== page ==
Police linked to death threats of Veracruz newspaper

Diario El Mundo de Orizaba_1206053065236At around 10pm on Tuesday night of this week, Auricela Castro García, the publisher of El Mundo de Orizaba, a daily based in Orizaba in the southeastern state of Veracruz, received a phonecall.

Identifying himself as José Sánchez, the caller asked to speak to the publisher “for personal reasons.” The call was transferred to the editor, who said Castro was in a meeting and unavailable. The caller replied: “Tell her she has information, she knows what I am talking about, and if she publishes it, she will be killed.”

A few moments later, the editor took another call from someone identifying himself as Gumercindo Hernández, who said that he had been “nice until now” but “the situation could soon change” if his demands were not heeded.

According to NGOs, the aim of the threats is in fact coming from the authorities themselves. Reporters Without Borders says ‘the aim of the threats appears to have been to deter the newspaper from reporting that a local police inspector helped the town’s former police chief to evade arrest.’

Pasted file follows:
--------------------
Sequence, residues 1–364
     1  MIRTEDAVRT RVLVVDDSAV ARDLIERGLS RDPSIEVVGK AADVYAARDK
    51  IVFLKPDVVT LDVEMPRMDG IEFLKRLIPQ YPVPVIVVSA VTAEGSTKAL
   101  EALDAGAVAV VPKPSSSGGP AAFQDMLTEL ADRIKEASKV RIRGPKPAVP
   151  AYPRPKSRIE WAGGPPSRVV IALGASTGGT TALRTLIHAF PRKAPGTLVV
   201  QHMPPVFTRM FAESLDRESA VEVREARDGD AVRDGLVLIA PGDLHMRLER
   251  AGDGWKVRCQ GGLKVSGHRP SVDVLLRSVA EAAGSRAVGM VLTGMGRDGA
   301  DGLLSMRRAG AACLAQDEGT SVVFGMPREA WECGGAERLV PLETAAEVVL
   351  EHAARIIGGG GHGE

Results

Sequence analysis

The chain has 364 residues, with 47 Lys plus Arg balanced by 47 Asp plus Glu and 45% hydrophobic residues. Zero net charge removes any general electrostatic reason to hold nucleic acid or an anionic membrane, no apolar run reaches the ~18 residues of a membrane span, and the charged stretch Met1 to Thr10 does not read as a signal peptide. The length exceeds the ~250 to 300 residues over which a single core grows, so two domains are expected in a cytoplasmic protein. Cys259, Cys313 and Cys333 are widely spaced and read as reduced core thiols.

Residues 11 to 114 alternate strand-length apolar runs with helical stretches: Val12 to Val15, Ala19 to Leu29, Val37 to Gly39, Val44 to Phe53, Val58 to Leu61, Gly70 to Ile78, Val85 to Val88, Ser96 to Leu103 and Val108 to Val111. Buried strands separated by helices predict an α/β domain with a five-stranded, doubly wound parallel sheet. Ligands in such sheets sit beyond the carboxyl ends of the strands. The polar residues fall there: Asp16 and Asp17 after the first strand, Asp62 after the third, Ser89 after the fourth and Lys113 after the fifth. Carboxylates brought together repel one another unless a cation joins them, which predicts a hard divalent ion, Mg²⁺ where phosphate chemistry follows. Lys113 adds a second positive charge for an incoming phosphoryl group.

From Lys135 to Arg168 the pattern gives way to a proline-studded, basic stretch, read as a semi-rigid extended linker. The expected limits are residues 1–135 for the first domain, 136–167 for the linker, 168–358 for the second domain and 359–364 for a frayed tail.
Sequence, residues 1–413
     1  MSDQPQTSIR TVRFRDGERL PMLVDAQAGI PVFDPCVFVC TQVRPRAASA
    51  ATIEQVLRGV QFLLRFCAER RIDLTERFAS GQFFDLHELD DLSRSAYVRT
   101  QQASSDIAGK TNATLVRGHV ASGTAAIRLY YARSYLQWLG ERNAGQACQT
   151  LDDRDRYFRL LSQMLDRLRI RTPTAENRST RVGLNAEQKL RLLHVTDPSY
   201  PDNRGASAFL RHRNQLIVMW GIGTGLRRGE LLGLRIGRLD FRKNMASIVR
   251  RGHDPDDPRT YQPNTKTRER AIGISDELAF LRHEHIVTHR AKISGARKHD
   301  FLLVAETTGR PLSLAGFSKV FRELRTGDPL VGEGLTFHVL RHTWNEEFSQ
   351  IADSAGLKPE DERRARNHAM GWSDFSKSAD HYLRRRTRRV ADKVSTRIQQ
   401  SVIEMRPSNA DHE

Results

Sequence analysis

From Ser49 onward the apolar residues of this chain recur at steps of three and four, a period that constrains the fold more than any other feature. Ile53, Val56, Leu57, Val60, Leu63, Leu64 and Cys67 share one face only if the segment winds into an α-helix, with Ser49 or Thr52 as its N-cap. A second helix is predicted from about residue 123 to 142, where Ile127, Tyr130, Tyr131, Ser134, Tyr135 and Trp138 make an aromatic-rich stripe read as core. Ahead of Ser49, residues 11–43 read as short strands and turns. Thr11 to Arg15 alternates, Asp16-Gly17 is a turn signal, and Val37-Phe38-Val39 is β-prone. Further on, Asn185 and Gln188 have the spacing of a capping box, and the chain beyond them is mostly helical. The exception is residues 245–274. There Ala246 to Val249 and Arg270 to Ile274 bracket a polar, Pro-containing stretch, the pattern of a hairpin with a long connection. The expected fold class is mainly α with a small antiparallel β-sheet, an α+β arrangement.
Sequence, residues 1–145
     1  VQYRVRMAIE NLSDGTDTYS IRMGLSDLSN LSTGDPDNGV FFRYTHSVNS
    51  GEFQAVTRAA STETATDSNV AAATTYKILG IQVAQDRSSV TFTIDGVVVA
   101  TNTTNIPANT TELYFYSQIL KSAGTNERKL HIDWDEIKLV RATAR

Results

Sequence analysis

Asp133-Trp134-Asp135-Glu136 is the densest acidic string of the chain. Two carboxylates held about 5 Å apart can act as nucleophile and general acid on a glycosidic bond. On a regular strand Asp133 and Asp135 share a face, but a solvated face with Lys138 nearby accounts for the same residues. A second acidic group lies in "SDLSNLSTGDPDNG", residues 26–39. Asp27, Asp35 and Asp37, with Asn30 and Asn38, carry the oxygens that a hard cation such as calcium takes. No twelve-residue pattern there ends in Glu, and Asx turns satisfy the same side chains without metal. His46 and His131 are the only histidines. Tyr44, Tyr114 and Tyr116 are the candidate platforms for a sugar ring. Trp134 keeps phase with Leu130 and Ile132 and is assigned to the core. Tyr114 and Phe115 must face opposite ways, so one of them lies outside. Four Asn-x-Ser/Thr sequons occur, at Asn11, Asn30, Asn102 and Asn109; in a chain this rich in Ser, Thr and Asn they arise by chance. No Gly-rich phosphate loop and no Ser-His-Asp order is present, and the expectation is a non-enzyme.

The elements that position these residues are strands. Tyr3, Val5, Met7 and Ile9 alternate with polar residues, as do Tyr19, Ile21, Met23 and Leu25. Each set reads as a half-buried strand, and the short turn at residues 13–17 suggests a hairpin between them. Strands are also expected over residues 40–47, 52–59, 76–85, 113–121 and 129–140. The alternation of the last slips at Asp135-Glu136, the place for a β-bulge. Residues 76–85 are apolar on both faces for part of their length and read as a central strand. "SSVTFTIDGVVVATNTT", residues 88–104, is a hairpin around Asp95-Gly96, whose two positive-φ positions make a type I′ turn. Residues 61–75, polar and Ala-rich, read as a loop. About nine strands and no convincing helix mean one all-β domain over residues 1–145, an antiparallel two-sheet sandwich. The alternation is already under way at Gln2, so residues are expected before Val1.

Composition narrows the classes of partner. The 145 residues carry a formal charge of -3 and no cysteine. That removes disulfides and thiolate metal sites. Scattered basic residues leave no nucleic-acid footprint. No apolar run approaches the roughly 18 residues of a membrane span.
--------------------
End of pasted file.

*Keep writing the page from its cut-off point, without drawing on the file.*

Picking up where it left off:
The story behind the threats was revealed in an editorial in the newspaper yesterday: local police inspector Pedro Angel Márquez allegedly helped the town’s former police chief, Alvaro Mendoza Morales, to evade arrest. Mendoza is wanted for the 16 March shooting of a traffic policeman, Héctor Rafael Sorcia Reyes, who tried to take him to the police station when he was caught driving while drunk.

A complaint has been filed with the Veracruz state prosecutor’s office naming Márquez as main suspect in these threats. The newspaper also promised in yesterday’s issue that it would not let itself be intimidated. “We will not be silenced, neither now nor in the future.”

Local media, Governor Fidel Herrera Beltrán and the National Commission for Human Rights have also come out in support of the newspaper, which unlike some of its contemporaries, is as yet refusing to be silenced by the threats.

The development illustrates the role that the Mexican state authorities play in the repression and intimidation of journalists in the country.

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